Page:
Ask The Nice Guy - Dropbox, E-Readers, and Downloading Free Music

This is the 7th post in a series called Ask The Nice Guy. In this series I will attempt to provide answers to the various questions I get asked throughout the week.

What’s inside? Here are the questions answered in this blog post, boiled down to five word (or less) summaries.

  1. Benefits of Dropbox
  2. Best E-Reader
  3. Downloading Free Music

Question 1: Benefits of Dropbox?

My family is asking me what are the benefit of using Dropbox?

Dropbox is a free service that lets you bring all your photos, docs, and videos anywhere. This means that any file you save to your Dropbox will automatically save to all your computers, phones and even the Dropbox website.

You can learn more about Dropbox by taking this tour on their website.

I make extensive use of Dropbox in my life life. I have all my important files saved in Dropbox which makes them accessible on any device. Having the important files saved in Dropbox gives me some peace of mind knowing that if something happened to my computer I would still be able to access those files by visiting

The real magic with Dropbox in its ability to sync your files across devices. I can make a change to a text document on my MacBook Air and have the file synced to my other devices within seconds.

Question 2: Best Gadget For Reading Books?

I am pondering which gadget would be a good book reader for me. I read mostly non-fiction books, usually from the public library (my impression is that the library doesn’t have a big selection of books for e-reading). Anyway, I read in bright light outdoors and when it’s darker inside. Not knowing any pros, cons, or specs, I am leaning towards the iPad mini as I have an iPhone and MacBook Pro and am a big Apple fan. I assume the iPad mini has much more app capability than the Kindle or Nook?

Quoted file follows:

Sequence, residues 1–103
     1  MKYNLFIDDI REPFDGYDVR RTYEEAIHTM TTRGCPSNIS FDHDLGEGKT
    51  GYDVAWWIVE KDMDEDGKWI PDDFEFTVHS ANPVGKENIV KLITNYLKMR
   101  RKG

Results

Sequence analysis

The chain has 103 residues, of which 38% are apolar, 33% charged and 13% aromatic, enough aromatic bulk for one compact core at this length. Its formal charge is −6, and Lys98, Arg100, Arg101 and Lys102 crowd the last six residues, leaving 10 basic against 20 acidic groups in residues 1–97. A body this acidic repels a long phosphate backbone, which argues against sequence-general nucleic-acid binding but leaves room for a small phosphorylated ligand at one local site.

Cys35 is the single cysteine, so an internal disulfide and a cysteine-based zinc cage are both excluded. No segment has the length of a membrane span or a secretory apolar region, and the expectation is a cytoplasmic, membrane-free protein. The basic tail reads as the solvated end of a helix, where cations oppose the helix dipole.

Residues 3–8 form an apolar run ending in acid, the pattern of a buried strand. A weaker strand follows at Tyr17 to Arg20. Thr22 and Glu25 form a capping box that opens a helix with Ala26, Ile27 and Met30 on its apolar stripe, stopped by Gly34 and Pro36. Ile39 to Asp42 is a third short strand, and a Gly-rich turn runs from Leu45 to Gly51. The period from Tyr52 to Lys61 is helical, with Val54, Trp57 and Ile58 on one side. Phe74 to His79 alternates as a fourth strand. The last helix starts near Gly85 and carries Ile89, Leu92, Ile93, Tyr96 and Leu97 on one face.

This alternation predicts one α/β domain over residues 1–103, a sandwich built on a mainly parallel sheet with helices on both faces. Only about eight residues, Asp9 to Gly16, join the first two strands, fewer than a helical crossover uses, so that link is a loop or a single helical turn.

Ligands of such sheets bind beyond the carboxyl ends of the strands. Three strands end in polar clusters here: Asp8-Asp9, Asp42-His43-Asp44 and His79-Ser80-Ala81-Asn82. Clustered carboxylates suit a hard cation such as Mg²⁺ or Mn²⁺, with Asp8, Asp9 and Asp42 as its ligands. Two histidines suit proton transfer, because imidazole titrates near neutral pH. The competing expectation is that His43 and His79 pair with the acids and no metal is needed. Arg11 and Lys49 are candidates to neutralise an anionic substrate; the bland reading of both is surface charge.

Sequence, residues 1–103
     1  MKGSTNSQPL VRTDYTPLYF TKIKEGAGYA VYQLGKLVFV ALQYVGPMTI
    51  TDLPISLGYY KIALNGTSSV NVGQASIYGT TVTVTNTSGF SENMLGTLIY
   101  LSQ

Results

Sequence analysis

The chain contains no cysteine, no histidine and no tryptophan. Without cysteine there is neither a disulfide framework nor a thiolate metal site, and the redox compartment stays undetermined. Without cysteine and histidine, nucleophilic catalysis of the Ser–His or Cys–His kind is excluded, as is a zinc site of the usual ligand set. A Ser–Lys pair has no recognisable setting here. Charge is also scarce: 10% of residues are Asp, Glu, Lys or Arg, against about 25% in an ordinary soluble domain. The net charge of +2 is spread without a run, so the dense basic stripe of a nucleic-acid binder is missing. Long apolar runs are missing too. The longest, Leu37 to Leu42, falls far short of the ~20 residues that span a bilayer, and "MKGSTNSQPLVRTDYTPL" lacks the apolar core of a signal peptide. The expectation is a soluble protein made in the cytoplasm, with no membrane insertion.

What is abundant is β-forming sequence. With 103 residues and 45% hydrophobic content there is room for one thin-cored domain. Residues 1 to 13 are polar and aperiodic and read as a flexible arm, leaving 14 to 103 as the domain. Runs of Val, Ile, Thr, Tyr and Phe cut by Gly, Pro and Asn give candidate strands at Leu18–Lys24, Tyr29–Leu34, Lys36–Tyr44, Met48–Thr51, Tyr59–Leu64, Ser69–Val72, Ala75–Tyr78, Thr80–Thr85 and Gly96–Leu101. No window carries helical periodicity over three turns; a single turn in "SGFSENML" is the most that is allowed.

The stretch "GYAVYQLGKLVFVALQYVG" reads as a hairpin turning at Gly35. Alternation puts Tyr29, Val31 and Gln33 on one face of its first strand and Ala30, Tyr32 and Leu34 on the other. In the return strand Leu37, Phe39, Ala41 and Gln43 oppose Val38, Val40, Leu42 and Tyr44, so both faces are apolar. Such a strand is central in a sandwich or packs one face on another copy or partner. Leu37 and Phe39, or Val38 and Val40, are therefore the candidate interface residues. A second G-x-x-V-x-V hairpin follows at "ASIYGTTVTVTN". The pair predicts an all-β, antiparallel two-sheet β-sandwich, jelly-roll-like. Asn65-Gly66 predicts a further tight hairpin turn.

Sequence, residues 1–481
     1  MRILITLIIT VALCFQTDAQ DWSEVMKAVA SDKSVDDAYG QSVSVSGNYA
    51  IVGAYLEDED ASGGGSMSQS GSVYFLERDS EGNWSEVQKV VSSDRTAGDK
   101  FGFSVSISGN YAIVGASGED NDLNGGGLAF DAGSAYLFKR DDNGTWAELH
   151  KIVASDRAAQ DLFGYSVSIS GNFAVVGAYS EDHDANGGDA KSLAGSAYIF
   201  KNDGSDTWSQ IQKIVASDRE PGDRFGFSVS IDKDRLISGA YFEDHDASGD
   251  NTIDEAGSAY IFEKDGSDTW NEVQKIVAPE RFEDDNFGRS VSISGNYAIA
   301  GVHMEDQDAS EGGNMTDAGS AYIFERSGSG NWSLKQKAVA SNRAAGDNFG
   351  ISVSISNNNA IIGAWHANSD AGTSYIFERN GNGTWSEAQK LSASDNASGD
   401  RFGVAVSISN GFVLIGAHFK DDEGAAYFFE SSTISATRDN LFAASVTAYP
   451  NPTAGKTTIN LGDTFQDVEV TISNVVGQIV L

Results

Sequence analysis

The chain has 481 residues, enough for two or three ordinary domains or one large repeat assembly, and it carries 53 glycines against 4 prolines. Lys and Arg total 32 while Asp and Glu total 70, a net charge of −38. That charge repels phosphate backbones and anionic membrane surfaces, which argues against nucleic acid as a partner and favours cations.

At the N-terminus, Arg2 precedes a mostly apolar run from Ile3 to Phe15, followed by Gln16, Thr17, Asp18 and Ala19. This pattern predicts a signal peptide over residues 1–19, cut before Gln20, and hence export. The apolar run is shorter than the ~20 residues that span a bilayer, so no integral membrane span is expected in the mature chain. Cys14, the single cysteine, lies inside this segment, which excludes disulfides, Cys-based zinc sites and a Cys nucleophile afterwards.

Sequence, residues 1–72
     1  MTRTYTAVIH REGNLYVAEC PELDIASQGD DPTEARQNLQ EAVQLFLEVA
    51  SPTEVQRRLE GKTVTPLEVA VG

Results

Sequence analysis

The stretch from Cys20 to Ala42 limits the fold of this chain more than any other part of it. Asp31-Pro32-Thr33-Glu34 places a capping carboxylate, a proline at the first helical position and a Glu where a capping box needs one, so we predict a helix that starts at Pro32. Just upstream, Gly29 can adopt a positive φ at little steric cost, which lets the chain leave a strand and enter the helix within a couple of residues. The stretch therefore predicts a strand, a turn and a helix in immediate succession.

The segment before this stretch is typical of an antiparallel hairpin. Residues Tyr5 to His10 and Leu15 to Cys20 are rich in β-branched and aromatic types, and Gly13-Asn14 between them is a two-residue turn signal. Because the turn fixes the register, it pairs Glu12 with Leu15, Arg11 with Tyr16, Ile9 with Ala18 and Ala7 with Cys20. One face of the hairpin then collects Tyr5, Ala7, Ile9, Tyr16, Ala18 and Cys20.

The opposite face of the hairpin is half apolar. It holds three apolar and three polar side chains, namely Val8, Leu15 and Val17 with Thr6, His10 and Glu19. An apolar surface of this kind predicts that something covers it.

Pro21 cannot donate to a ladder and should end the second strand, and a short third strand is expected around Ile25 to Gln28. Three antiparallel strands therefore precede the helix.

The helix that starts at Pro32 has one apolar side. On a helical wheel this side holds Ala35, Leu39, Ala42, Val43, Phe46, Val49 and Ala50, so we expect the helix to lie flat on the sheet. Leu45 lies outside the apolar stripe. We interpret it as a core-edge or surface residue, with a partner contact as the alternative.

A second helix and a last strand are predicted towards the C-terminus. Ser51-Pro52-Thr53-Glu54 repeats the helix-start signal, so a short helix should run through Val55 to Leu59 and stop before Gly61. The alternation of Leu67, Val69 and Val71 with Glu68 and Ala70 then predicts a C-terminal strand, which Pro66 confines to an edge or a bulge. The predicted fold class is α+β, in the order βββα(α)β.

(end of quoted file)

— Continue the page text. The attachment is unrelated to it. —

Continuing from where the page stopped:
Based on the fact that you identified yourself as someone who reads in bright light outdoors and when it is darker inside, I would have to recommend the Kindle Paperwhite. It is a dedicated e-reader that you can easily read in the bright sun (I have read numerous books on my Kindle while lying out in the sun on top of a cruise ship) and read in a dark room with the built in light.

The iPad mini has much more app capability than the Kindle Paperwhite but it will not offer a good reading experience in the bright sun. I was out for a walk today and tried to check the temperature on my iPhone and I could not see the screen at all due to all of the glare! On the cruise my wife and I went on, she left her iPad mini at home and just brought her Kindle.

The cost of the Kindle Paperwhite is much lower than the least expensive iPad mini which gives you additional money to buy books!

The public library does have a selection of books to check out, but it is not comprehensive. Many titles are not available and the ones that are available often have a wait list to check them out. There are plenty of free books available on the Kindle Store that are worth checking out. I have found that the price of an e-book is considerably less than a traditional book and the amount of enjoyment gained from a good book is well worth the cost.

Question 3: Using Limewire or Frostwire?

My high school son was telling me the other day that I could download music for free from a program called Frostwire. Is this safe?

I wouldn't recommend it. Frostwire and Limewire are file sharing programs that allow people to "share" music via the internet with other people. There are numerous reasons why this is a bad idea.

The first reason that it is a bad idea is because you aren't quite sure what you are actually downloading. Just because it says that it is the latest single from Bruno Mars does not mean it is even a song. It could be a virus, spyware, or malware. If it is legitimately a song it may not be a very high quality version.

The second reason that it is a bad idea is because if you are caught downloading music, movies, or television shows from a file sharing program, you could be fined or sent to prison.

According to Lisa Vaas:

The first jury trial for a file-sharing suit brought by the major record labels has resulted in a $222,000 fine for a Minnesota woman accused of downloading and distributing more than 1,700 songs on the file-sharing site KaZaA.

I don't know about you, but I don't have that kind of cash burning a hole in my pocket to pay a hefty fine for illegally downloading music.

The third reason that it is a bad idea is because the people that make the media that we all enjoy deserve to get paid for their work. If you don't want to pay money for a song, there are numerous ways to listen to it for free that are legal. You can use:

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